Is Oedipus a tragic or a pathetic character?Is Oedipus a tragic or a pathetic character?
This question calls for an opinion to be backed up with facts from the text. It may be better posted in the Discussion Board section of this site.
If you are looking for a way to get started, though, you may start with the definition of the two words you must choose between and frame your answer from there.
A tragic hero is "a privileged, exalted character of high repute, who, by virtue of a tragic flaw and fate, suffers a fall from glory into suffering." Basically, someone who had it all and then lost it because of his tragic flaw (or weakness in his character). Essentially, a tragic hero is well respected except for this one issue in his personality that causes him to lose everything.
On the other hand, the defintion of pathetic according to Merriam-Webster is "pitifully inferior or inadequate."
Based on those two concepts, it is up to you to think about Oedipus' actions in the play and decide which category he falls into.
The denotation of the word pathetic, which derives from the Greek word pathetikos, is defined by The Amerian College Dictionary as exciting pity or sympathetic sadness; full of pathos. In Greek tragedy, the catharsis evokes pity and fear for the tragic figure; therefore, using this definition of pathetic, the tragic figure of King Oedipus does, indeed, evoke these feelings because of his/her excess of virtue, not because of any weakness, which inspires the connotation of pathetic for those using Miriam-Webster--weak and ineffective or "pitifully inferior or inadequate."
(Here is yet another example of the problems associated with the semantics of English as opposed to other languages that are more precise.)
I think that you can find many answers to this question. In my mind, I would say that Oedipus is a tragic character. His greatness is what proves to be his ultimate undoing, which is what makes him tragic to me. His excellence as a leader, willingness to find the truth no matter what, and his sense of pride all contribute to his undoing. These are qualities of a great leader and human being. That is to say human beings strive to possess some level of these ideas in their own upbringings and lives. Yet, these are the very traits which bring a sense of unimaginable downfall to Oedipus. The source of his greatness becomes the very origin of his condition. With this, I think he moves past a label of "pathetic" and into the domain of tragic.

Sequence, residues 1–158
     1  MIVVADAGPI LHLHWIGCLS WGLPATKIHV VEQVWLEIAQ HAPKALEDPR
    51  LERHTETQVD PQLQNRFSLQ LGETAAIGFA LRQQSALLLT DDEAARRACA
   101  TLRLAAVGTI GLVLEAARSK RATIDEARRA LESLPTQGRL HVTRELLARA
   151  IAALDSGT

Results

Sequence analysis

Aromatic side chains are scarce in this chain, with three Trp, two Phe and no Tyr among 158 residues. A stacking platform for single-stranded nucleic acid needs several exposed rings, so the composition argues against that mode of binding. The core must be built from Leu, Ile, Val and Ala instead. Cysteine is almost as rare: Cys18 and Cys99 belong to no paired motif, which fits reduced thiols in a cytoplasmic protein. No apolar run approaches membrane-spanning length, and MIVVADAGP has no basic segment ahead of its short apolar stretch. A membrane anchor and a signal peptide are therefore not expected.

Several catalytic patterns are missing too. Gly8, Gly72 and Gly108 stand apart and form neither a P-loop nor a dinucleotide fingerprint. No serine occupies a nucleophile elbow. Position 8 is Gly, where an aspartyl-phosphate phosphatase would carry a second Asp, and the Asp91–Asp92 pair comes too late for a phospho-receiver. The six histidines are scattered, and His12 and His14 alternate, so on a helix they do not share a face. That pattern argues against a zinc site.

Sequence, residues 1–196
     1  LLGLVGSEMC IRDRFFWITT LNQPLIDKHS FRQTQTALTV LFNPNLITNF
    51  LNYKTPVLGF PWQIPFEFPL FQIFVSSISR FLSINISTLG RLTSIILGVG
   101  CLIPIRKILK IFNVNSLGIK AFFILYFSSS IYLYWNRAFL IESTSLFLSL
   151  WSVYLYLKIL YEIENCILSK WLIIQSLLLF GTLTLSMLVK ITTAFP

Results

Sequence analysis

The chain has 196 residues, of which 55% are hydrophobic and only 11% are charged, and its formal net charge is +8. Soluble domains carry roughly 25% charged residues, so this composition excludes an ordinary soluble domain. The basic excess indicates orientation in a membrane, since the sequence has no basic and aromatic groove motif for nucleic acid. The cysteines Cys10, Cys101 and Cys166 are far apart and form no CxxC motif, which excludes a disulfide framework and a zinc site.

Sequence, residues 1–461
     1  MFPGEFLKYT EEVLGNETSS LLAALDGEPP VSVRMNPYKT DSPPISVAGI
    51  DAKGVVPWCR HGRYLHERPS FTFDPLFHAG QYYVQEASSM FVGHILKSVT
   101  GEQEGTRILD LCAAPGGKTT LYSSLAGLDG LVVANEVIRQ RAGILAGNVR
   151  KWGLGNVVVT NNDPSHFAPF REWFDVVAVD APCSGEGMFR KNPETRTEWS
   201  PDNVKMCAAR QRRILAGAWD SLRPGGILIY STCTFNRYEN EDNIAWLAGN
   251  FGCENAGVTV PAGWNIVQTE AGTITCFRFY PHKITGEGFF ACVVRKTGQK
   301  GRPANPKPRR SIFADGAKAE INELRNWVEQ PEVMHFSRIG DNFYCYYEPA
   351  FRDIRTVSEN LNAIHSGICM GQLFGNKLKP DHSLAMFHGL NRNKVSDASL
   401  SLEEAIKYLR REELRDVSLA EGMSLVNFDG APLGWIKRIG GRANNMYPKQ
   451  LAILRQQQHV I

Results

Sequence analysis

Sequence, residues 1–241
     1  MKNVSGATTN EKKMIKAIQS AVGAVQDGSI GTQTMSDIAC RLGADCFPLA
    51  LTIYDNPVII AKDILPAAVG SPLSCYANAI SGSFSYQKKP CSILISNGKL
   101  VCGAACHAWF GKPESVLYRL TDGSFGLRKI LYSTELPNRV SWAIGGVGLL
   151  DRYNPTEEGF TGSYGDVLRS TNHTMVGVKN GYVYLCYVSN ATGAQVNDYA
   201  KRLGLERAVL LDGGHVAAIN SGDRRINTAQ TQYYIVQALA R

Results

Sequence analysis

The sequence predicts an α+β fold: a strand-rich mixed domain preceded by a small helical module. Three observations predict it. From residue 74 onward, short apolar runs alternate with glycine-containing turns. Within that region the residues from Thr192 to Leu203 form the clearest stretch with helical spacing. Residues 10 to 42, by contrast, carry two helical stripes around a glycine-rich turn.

I think the best way to answer this question is by challenging it. I thinkOedipus is a tragic figure within Greek tradition and history, but he is also pathetic. Let me define what I mean. In Greek literature only a great person with great virtue can really be tragic. If a failure of a person or an unimpressive person fails, this is not tragic at all. They are expected to fail! In this sense, Oedipus is tragic, because he is really an impressive person. Also because the tragic hero is a great man in many ways, the very fact that he fails makes him also pathetic, or we can say a person filled with pathos. We can mourn for the tragic hero, because we see the fall of a great individual.
Oedipus is a tragic figure by nearly any definition; however, he is not a pathetic figure to me. His most vulnerable moments are those few days when he is a child and is literally given away to die and is then rescued. It's true he suffered the pain and scars and deformity of the spikes in his feet; however, he changed from being a prince to...being a prince. A pathetic figure is, I suppose, one with whom you sympathize; I sympathize little with this royal personage who demonstrates arrogance and pride and temper at every turn. Would I wish his fate on another? Certainly not. Do I think he got what he deserved, probably so. A little sympathy, but no more.
I don't think of Oedipus as a pathetic figure - he is not someone who I lack patience with or who I think is just a big wimp. He is a character who faces his situation and problems head on, and we all sympathise with him as he embarks on his journey towards self-identity and discovery. There is kind of heroic grandeur with which he faces the truth and I think in a sense when we think of a tragic figure, Oedipus is the first that comes to mind because of this.
Oedipus is certainly a tragic character. Because he is willing to hear and accept the truth about himself, because he is a noble figure in bearing and in role, and because he strives to courageously outwork his fate, Oedipus can be seen to possess virtue. His failure, eliciting our sympathy, does not diminish his virtue but occurs, instead, in spite of his virtue and his great efforts.